Ah, Web 2.0:
If you read this blog on the Web instead of via a feed (people still do that? - how quaint), then over the past few weeks you've seen the above appear in the title area. For the most part they consist of badges with links to my profiles on various "social networking" sites, inviting you to "friend" or "follow" me. Feel free, that's what they're there for. But if I don't know you I'll probably demur from accepting an invite, so if you're one of my blogging friends but send me an invite from a MySpace user name of "2kewl4sk00l" you'd better put something in the message letting me know who you really are.
Social networking is fun. I interact daily with people around the world using it, and have gotten back in touch with people from up to 40 years ago using LinkedIn, Facebook, MySpace, Twitter, et al. Family, friends, former and current coworkers all in daily contact - a happy fun ball of sociality! But there's a problem lurking under the pleasant, friendly facade of all these sites, and no, it isn't some supposed loss of privacy.
It is loss of time.
"It started out as a social thing, ya know? Something I did with my friends. Then pretty soon it got out of control. I was emailing and IMing and blogging and updating my status on 13 different sites and throwing snowballs and decorating Christmas trees and sending pics from my phone and taking movie quizzes and nudging and poking and tweeting...and then, one day, I didn't even know which site I was on or whose wall I was writing on. I had hit the bottom. Next stop, hell."Because the care and feeding of social networks requires as much or more effort as the care and feeding of email. And we already know how much time that can take. So along comes software to solve the problems caused by social networking software (all software is just infinite layers of problems deferred to another layer). Aggregators that can scrape status feeds off of various sites and/or set your status across multiple sites. Sounds great. Sign me up! Except none of them quite give you all the coverage you need, which was the meaning behind my GraphJam graph the other day:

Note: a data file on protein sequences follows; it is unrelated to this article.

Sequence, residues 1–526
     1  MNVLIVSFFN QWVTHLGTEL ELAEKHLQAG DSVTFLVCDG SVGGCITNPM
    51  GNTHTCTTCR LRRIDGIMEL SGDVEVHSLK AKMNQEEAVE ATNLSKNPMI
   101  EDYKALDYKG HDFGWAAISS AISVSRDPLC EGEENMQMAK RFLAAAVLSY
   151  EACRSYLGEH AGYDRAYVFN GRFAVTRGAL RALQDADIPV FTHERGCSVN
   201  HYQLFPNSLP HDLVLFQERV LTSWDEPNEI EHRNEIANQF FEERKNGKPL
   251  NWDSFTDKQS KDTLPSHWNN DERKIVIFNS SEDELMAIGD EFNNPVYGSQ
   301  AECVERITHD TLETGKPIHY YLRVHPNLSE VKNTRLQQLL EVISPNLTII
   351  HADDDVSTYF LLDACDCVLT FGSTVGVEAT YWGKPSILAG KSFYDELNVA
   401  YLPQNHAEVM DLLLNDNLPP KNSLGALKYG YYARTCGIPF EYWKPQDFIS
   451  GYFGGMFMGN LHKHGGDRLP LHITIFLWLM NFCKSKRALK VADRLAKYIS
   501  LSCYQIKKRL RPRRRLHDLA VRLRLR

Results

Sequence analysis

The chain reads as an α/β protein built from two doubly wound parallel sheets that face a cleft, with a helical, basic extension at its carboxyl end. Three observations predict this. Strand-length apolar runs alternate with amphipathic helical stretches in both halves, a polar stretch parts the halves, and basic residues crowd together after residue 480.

There's even more software out there trying to do the same thing. All of it fails in one way or another, mostly around lack of coverage (see the badges, above). Plus the popular ones are suffering growing pains. Add to all that the fact that many of the sites being aggregated don't want to be, because they want to drive you to their site so they can throw ads at your eyeballs. I don't know for certain but I suspect that's why posting to MySpace from ping.fm was working but now is not:
So, what's the answer? I dunno. I do know that sooner or later the lower traffic sites in terms of friend-interactions (I'm looking at you, GoodReads!) are either going to get dropped, or are going to have to be successfully supported by an aggregator that can do both updates to the site and friend feeds from it. And while I'm at it, let's throw in email, chat and feed reading, too. What I want is something like:
Gmail+Google Reader+FriendFeed+SocialThing+Gridjit+ping.fm+Twitter+Meebo=World Domination
It should be Web-based with no client to install, accessible from anywhere using Windows, OS/X, Linux and my phone. It should just work. It should always be available. Oh, and it shouldn't have the clunkiness of iGoogle and a bunch of third party widgets I don't trust.
Is that too much to ask? :o)
Anyone know of anything that even comes close?